Angelina Gualdoni engages the complex legacy of modernism as it has played out in the visual arts and architecture during the second half of the twentieth century. Although her work is devoid of cynicism or polemics, Gualdoni is interested in the phenomenon of failed utopias. The disuse and collapse of the buildings that populate these canvases suggest meditations on the transience of life, or vanitas paintings for the early twenty-first century. The paintings draw upon a range of modernist sources that are given new meaning in their unlikely juxtapositions and, one might say, their gentle corruption. In Gualdoni’s hands, Le Corbusier-inspired modular buildings (which were carefully theorized to produce harmonious proportions) are afflicted with the indignities of old age. Morris Louis’s technique of staining, or pouring paint directly onto unprimed canvas (celebrated as disembodied, purely abstract color) is adapted by Gualdoni to create backgrounds for illusionistic lan dscapes.
The literal and metaphorical sense of ebb and flow in these paintings is a result of Gualdoni’s technique. She begins each painting by pouring diluted acrylic pigments directly onto raw canvas, which reveals both the texture of the underlying fabric and the often irregular paths taken by the paint as it flows, swirls, and clots on the surface. The direction the paint takes when it is poured and the degree to which it is absorbed into the canvas are variables that Gualdoni manipulates but cannot utterly control; rather, these are elements of chance she allows into the process. She notes that in much the same way that architects engage specific sites when designing buildings, her paint pours create a specific site upon which she builds the work.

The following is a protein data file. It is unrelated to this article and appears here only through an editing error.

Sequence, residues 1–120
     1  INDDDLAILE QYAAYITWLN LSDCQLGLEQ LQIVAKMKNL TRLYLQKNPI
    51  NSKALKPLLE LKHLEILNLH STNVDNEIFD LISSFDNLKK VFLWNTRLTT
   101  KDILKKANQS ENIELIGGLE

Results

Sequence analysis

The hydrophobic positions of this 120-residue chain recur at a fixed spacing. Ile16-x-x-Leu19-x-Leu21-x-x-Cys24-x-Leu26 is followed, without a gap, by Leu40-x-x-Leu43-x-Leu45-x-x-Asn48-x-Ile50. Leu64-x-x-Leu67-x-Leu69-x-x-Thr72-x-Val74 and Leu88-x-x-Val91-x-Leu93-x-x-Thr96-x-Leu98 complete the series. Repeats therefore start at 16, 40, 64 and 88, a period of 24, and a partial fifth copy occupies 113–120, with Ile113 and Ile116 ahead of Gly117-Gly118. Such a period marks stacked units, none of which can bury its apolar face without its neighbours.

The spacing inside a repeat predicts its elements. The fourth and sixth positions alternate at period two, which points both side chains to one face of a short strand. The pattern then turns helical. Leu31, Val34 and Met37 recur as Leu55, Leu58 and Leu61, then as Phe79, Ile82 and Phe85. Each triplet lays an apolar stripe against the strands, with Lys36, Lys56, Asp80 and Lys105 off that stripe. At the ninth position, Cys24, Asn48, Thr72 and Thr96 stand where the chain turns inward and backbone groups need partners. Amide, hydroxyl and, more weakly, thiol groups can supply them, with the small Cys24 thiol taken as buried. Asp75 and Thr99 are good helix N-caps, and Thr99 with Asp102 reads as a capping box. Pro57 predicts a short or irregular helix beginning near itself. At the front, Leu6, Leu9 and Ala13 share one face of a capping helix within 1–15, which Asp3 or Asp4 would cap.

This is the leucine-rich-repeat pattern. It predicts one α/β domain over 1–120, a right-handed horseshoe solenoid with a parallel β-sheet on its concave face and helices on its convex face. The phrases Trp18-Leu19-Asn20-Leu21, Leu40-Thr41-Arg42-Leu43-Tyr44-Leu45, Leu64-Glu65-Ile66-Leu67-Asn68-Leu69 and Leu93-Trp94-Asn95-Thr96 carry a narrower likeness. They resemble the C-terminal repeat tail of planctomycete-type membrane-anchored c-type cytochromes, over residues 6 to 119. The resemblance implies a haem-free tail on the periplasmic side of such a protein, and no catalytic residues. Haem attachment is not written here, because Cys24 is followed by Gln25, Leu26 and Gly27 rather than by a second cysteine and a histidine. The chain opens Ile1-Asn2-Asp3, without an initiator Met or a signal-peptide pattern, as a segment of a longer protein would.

Angelina Gualdoni holds a BFA in painting and installation from the Maryland College of Art in Baltimore and an MFA in painting from the University of Illinois at Chicago. Her work has recently been exhibited at the Chicago Museum of Contemporary Art, Engholm Engelhorn Gallery in Vienna and the Museum De Paviljoens, Almere, in the Netherlands. Angelina Gualdoni is represented by Kavi Gupta Gallery, Chicago.
Currents 100: Angelina Gualdoni is part of a series of exhibitions featuring the work of contemporary artists at the Saint Louis Art Museum. The series is supported by the Henry L. and Natalie E. Freund Endowment Fund, which supports the exhibition and acquisition of contemporary art at the Museum and the teaching principles of contemporary art at the Sam Fox School of Design & Visual Arts, College and Graduate School of Art at Washington University. This exhibition is curated by Robin Clark, associate curator of contemporary art.
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